The Black Belt is the most well known symbols in martial arts of all types, from stand-up to ground-game disciplines. But the concept is full of misconceptions and stereotypes. To those who have never trained, the Black Belt represents the highest level of martial arts skill. To a new Mixed Martial Artist, a Black Belt becomes a worthy goal. For serious Mixed Martial Artists, it becomes an ideal, a lifestyle. But what exactly is a Black Belt and what does wearing a Black Belt really mean?
Many people think that Black Belts had been around for thousands of years. One explanation to the origin of the Black Belt that has been around for a while is; the harder a student trains, the darker their belt gets from the sweat, dirt and blood. When it finally turns black, they are considered experts. This is not true but makes a great bedtime story.The fact is that when the first Judo Black Belts were given by Jigoro Kano in the mid 1880′s, they were used simply as a visual way to acknowledge and separate his most experienced students from the rest. Prior to that, technical skill was rewarded with scrolls or certificates.
Is a Black Belt just a reward, or is there more to it?
The idea that you have to be a dominant fighter, or be able to break bricks with your head prior to being considered a Black Belt is impressive, but false. The Black Belt is more about internal growth and discipline than fighting prowess. For a lot of training facilities the belt system has become a huge money maker. A significant fee is charged for every test to move up a belt. Taekwondo seems to be the most notorious to practice this. So does capitalism ruin the the gravity of the Black Belt? Is the black belt gained at a strip-mall Taekwondo facility the same as a black belt earned at a Brazilian Jui Jitsu academy? The obvious answer is, Hell No! I have been training in Muay Thai for 10 years. I have never tested for a belt. The only test that I have is in the ring. If I win, I have trained hard enough, if I lose I need to train harder. Muay Thai has become a catalyst for me, a change in lifestyle and philosophy. It has become a way to overcome fear and pursue accomplishment. A Black Belt to me is just that, a black belt.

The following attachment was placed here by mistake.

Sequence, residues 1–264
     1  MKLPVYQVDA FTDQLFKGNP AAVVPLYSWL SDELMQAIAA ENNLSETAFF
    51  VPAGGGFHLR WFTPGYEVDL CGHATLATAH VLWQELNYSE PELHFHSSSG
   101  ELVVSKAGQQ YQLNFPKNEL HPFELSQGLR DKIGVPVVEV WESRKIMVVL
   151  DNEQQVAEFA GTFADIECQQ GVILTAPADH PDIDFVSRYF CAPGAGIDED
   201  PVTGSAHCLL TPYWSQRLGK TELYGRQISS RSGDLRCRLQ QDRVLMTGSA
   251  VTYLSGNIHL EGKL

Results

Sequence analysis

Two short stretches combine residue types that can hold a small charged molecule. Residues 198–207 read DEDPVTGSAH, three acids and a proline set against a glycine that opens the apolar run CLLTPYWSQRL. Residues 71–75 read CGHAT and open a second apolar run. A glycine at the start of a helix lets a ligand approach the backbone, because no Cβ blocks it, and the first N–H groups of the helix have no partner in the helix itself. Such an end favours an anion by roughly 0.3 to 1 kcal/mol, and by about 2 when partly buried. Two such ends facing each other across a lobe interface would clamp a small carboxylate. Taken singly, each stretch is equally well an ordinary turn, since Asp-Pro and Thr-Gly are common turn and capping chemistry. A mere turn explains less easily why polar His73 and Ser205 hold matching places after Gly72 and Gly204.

The discipline, unbreakable spirit and perseverance that it takes to make it from White Belt to Black Belt is more impressive to me than someone’s ability to break boards. Most people can’t stick with anything for a few weeks, let alone three to four years of constant practice. And it’s during this time that we learn that the martial arts is about self-improvement, not just self defense or dominance in the ring. We begin to look past the belt and see the ideals of the Black Belt Excellence, such as honor, integrity, brotherhood and discipline as the goals.
The Black Belt should be the beginning of training, not the end.
The truth is that wearing a Black Belt does not mean anything if you are not living and training like a Black Belt. In fact, anyone who wanted to could call a martial arts supply store, spend $30 and get a brand new black belt in the mail within a few days. But without the dedication, ideals and values of Black Belt Excellence, that belt is just a worthless piece of cloth.